The Department of Homeland Security estimates that 90,000 unaccompanied minors will be apprehended attempting to enter the United States this year, up from 40,000 last year. DHS expects the number to grow to more than 140,000 next year. Ranging in age from six to seventeen, many of these minors travel more than 1700 treacherous miles from Honduras across Guatemala and Mexico.

Overwhelming immigration authorities, many unauthorized entrants are released into the United States on the promise to report to immigration authorities, although federal authorities lack the will and the resources to ensure follow through. Others are being or will be housed on military bases in California, Oklahoma, and Texas. At least in the short term, there are concerns about adequate housing, health care, education, sanitation, food, and supervision as detention facilities attempt to cope with the influx.

Misguided compassion led directly to this tragedy. How did we get here?

In 1986, a Democratic Congress passed and the Republican president signed into law the Immigration Reform and Control Act, which attempted to close the back door of illegal immigration by, among other measures, imposing sanctions on employers for hiring unauthorized aliens. With the prospect of ending illegal immigration, the Act also provided a path to amnesty and future citizenship to many of the four million persons then living in the United States without permission. Fr. Theodore Hesburgh, then President of the University of Notre Dame and Chair of the Select Commission on Immigration and Refugee Policy, testified before Congress that the Select Commission’s recommendation favoring amnesty was predicated “on one condition: that somehow the sieve that we call a border could be tightened up, that somehow we would bring our illegal immigration under control.”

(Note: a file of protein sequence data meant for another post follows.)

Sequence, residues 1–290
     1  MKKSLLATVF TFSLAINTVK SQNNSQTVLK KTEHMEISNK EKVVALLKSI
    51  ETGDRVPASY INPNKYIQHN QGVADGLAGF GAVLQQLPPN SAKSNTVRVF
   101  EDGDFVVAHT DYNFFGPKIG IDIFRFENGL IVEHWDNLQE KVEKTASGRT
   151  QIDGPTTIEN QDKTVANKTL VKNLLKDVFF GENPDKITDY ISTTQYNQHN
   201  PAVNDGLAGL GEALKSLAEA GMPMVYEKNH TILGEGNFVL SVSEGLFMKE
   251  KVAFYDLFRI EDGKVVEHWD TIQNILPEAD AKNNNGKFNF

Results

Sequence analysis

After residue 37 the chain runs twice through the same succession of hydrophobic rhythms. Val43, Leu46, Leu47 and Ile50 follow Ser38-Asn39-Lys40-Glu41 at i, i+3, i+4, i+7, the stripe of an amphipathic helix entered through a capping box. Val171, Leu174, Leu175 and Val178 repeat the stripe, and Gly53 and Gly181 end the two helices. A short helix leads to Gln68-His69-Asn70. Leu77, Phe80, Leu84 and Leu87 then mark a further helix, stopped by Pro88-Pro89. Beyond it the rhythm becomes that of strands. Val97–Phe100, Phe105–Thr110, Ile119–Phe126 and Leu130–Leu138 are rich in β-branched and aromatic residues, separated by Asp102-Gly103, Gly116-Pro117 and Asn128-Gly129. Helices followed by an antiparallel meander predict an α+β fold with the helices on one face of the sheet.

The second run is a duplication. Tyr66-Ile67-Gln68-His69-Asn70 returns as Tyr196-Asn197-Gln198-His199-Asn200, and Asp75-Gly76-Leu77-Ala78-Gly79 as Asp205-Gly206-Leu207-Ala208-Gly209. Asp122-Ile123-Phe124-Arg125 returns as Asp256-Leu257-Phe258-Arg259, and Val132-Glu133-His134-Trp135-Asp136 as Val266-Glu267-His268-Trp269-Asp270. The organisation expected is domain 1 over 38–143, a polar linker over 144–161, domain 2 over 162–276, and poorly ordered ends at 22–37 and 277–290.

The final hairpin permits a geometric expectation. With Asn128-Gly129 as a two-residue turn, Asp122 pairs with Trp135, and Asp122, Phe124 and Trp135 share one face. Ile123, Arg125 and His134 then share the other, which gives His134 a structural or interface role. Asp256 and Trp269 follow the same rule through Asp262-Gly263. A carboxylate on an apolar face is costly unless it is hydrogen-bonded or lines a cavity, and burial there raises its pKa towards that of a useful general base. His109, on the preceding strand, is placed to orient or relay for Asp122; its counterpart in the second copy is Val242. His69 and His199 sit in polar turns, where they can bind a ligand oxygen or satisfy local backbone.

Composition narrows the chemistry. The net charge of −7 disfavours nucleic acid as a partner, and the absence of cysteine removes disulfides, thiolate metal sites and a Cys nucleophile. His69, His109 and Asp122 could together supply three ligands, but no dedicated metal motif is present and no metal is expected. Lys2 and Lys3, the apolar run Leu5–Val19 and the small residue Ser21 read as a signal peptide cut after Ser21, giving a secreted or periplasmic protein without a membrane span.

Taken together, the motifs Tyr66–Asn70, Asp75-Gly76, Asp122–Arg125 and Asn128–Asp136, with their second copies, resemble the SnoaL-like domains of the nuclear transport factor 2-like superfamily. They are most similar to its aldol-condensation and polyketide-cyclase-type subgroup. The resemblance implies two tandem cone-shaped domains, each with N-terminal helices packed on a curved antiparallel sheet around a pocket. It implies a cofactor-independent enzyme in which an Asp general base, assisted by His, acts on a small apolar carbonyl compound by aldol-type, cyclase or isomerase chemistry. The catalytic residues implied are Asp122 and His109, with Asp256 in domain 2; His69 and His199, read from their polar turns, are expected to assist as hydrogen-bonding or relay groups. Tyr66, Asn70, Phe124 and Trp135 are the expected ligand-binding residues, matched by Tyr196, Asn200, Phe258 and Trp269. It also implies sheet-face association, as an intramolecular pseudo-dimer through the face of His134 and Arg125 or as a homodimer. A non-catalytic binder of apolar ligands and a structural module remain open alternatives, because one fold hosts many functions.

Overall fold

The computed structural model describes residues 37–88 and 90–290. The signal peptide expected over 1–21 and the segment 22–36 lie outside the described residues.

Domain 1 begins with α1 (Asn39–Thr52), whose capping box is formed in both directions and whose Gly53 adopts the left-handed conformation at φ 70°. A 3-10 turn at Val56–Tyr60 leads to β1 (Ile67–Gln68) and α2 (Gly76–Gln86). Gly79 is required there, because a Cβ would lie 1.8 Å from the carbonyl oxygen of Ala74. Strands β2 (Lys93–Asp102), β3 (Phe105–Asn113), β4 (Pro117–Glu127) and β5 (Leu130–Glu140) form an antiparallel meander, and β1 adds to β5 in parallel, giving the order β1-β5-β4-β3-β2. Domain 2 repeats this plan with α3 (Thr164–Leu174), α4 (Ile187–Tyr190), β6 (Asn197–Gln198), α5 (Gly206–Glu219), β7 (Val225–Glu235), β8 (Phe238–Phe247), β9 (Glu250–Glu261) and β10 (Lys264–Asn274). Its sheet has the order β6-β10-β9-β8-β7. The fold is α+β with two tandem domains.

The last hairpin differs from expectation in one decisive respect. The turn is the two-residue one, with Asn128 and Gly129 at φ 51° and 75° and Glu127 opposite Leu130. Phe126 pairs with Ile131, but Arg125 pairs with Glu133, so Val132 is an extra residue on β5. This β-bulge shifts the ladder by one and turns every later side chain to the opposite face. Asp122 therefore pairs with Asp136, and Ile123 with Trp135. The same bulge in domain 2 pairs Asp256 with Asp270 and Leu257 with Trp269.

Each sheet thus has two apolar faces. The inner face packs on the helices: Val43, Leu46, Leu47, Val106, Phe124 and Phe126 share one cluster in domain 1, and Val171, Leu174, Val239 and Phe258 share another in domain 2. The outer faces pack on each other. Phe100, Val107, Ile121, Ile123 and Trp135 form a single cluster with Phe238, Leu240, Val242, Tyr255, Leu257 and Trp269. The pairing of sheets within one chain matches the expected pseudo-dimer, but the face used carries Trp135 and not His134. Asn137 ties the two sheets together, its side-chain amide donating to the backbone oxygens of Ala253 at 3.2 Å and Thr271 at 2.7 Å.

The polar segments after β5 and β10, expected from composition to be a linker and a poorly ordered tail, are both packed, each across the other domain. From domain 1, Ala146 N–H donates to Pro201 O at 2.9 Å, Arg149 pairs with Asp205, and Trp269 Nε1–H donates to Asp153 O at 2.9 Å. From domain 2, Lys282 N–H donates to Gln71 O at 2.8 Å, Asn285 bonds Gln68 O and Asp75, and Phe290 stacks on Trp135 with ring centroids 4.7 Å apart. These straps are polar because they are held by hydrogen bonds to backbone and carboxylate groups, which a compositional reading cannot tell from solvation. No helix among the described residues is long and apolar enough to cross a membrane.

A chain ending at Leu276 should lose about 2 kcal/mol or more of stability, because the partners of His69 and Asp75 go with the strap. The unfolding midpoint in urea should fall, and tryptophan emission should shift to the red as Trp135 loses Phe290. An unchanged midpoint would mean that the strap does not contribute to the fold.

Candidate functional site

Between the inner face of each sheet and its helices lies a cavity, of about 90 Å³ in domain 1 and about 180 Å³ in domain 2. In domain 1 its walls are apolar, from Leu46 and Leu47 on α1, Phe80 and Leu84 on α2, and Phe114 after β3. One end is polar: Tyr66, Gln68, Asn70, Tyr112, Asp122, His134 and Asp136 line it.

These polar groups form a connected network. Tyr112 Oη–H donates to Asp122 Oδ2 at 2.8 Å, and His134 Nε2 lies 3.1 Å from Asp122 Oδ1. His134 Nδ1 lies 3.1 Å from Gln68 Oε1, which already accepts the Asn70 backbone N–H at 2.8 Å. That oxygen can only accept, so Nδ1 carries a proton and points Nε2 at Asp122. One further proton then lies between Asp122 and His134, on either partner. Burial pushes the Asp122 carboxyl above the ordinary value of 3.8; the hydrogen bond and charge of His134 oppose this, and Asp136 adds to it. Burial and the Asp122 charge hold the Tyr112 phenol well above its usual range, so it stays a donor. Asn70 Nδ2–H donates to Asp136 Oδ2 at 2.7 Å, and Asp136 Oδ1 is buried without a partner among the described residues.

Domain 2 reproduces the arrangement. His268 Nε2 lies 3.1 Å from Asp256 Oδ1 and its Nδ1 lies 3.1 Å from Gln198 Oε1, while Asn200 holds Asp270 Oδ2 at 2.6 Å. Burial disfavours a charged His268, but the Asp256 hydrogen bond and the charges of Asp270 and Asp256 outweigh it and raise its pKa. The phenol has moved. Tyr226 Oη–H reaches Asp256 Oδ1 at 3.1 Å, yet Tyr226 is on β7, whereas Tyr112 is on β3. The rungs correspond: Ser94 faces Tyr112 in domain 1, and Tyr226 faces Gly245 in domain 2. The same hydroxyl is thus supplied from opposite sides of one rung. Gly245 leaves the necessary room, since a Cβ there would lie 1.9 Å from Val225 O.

The United States has failed spectacularly in its attempts to stem the tide of unauthorized immigration. By the mid-2000’s, the unauthorized alien population residing in the United States exceeded 11 million. Wage and living condition disparity between sending countries and the United States provided the major impetus for emigration.

In response, the United States government sent would-be unauthorized immigrants mixed messages. Officially, the U.S. said migrants were not welcome unless they arrived through authorized channels. Unofficially, however, unauthorized migrants found employers willing to turn a blind eye to their employees’ immigration status and a government lacking the resources and the will to rigorously enforce immigration labor laws.

From 1997 to 2004, the number of hours spent by federal officials investigating employers’ use of unauthorized labor fell eighty-one percent from 714,000 hours to 135,000. The number of notices of intent to fine employers for immigration violations fell from 1461 in 1992 to three in 2004, a drop of 99 percent. The number of arrests of illegal alien employees fell from 17,552 in 1997 to 445 in 2003, a drop of 97 percent. Desperate noncitizens took notice, entering the United States illegally at the rate of 500,000 a year just prior to the recession.

Presidents Bush and Obama favored comprehensive immigration reform, which would once again attempt to control the border and illegal entry and grant some form of amnesty to many of the undocumented. I favored—and still favor—such a comprehensive approach with the same condition attached by Fr. Hesburgh, namely, that we “bring our illegal immigration under control.” Congress, on the other hand, remained—and remains—reasonably skeptical, doubting that the border can or will really be tightened and illegal immigration brought under control.

This brings us to the current crisis.

Frustrated by congressional resistance to comprehensive immigration reform, President Obama took matters into his own hands. A year into his presidency, his administration started planning to bypass Congress and adopt immigration reform by executive action.